The ominous weather that had occurred on Monday came back almost in full on Tuesday, with dreary, gray and overcast conditions. It didn't help, either, that a steady and misty morning rain helped to dampen the track and delayed the on-track sessions from getting going.
Haywood showed everyone the ropes for a few introductory laps, with each taking the wheel of one of the school's Carrera Cup cars to familiarize themselves with the circuit. The GT3 Cup car for later in the day had ABS and a sequential gearbox, with the tires (they weren't switched to wets as the track did dry out later in the day) able to provide better forward bite and lateral grip.
“The key is consistency,” Haywood said. “You don't go out here to set the world on fire.” Fellow school instructor Andrew Davis, one of the Brumos Porsche drivers in Grand-Am Rolex GT, added: “Think of these as practice days for the Rolex 24 with your counterparts as your co-drivers. Don't be the guy that screws it up for your teammates.”
Johnston said after one of his runs he could feel the intensity going up, but like the others, he remained calm and collected throughout the process. Marcelli said it only took a couple laps to get up to speed.
“Nobody pushed too hard or had any spins, but we still needed them to find their sweet spots,” related Walther. “In looking at all their backgrounds, it was very impressive.”
“Spencer was impressive with this being his first time in a professional environment. His lap times dropped hugely in the first session, and in the second, he was constant and right at the edge of where he needed to be. Cooper had very fast lap times; he's in the process of balancing his racing time with school. The others – Sean and Kyle – you knew racing was their primary task, and you could see this in the lap times. All four drivers had very consistent lap times despite the difficult track conditions.”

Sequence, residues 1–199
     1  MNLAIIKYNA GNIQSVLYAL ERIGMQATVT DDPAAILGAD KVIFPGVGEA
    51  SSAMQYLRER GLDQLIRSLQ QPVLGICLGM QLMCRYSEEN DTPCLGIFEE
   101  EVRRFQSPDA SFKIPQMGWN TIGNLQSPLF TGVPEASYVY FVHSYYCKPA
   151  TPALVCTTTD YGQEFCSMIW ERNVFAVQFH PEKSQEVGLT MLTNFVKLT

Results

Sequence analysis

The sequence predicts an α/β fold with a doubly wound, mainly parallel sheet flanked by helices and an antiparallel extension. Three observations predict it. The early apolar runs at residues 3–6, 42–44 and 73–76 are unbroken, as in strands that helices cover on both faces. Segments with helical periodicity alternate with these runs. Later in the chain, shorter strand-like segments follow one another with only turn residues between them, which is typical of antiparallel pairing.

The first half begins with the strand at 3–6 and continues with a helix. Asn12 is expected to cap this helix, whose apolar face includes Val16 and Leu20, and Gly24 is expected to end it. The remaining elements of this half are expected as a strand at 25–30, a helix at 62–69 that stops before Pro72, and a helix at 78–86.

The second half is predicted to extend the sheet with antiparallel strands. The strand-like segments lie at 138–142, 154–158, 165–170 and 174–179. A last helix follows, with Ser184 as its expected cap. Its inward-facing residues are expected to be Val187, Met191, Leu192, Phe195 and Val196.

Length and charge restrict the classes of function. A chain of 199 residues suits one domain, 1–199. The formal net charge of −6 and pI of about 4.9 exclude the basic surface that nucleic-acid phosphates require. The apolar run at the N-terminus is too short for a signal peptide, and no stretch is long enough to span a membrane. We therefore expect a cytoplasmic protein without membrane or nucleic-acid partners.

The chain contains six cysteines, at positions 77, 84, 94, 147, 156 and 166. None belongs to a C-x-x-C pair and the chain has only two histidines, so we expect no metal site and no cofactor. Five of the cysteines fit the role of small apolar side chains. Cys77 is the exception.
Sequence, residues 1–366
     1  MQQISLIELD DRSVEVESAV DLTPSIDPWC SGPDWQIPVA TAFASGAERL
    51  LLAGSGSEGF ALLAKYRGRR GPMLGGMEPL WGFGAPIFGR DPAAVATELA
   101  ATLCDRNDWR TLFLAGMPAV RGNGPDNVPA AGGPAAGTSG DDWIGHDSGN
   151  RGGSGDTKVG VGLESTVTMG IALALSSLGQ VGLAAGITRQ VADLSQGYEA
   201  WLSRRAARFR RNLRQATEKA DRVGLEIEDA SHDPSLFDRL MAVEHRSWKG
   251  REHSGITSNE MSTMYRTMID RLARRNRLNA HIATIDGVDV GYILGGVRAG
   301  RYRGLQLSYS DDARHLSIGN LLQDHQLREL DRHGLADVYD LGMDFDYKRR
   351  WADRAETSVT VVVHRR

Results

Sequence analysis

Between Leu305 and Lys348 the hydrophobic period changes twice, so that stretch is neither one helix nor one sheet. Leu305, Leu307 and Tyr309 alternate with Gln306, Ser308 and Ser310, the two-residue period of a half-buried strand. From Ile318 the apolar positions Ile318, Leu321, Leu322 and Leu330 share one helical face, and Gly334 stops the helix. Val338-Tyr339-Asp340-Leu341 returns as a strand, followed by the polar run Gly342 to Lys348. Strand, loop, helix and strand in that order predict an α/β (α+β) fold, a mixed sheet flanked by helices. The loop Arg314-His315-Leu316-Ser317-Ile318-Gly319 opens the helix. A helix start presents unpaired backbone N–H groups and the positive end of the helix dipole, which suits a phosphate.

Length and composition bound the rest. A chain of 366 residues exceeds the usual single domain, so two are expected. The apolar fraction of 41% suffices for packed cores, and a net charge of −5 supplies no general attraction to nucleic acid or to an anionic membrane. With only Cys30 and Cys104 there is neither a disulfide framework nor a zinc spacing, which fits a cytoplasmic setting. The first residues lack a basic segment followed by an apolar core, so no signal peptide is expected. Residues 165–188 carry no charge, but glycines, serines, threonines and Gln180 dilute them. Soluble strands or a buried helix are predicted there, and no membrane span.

Since this academy took place in October, Porsche has named two new Junior drivers for 2013 (Connor De Phillippi, one of Pigot's American open-wheel ladder system contemporaries, and Alex Riberas Bou). But that has not limited these four's options with Porsche for next season.
Originally, the plan at Barber was to see if just one driver would emerge from the pack and earn a test for Porsche's Supercup championship in Germany. As the process evolved, it became apparent that picking just one winner wouldn't do justice to the performance of the group as a whole.
Walther and Long met with the quartet at Petit Le Mans, with Marcelli, MacNeil and Johnston (in what was his ALMS debut) all in the race and Pigot on hand to spectate.
“Our objective was to give them all something they could carry away as a backpack for the next career steps,” Walther said. “We were able to give each a recommendation for the next step.”
For Marcelli, that would be the previously discussed Supercup test in Europe, and as Walther suggested, it was important for him at this stage in his career to gain more international exposure.
Pigot has the option of taking up an IMSA scholarship to compete in the GT3 Challenge next year, if his open-wheel prospects fall through. He's also weighing moving up to Star Mazda as a natural next step on the Mazda Road to Indy ladder.
MacNeil is all but set for a similar program for 2013, with a new co-driver likely to partner him in ALMS GTC, and possible additional races in Grand-Am beyond the Rolex 24.
Johnston's the wild card. Walther and other Porsche officials discussed what could be a good next step for him, and concluded he may be best served in an apprenticeship role in Germany to learn the fabric of his team, the German culture and more about the company, but with continuing support from 2012 partner Tom Driscoll.
The likelihood is at least three of the four will continue in some capacity with Porsche next season. It was all but guaranteed, however, that Porsche will be continuing with this academy come 2013.
“We started off not knowing what we were going to be getting ourselves into,” Walther surmised. “We had a clear objective to screen a couple of drivers because we know there is a lot of talent in the U.S., but it's not really structured. It's a big country and very fragmented motorsports environment. But now, this could be the first step where they could enter a career as a factory driver. It's a thrill to give these drivers a bit of our experience and our recommendations.”
• Click here for video from Barber's sessions.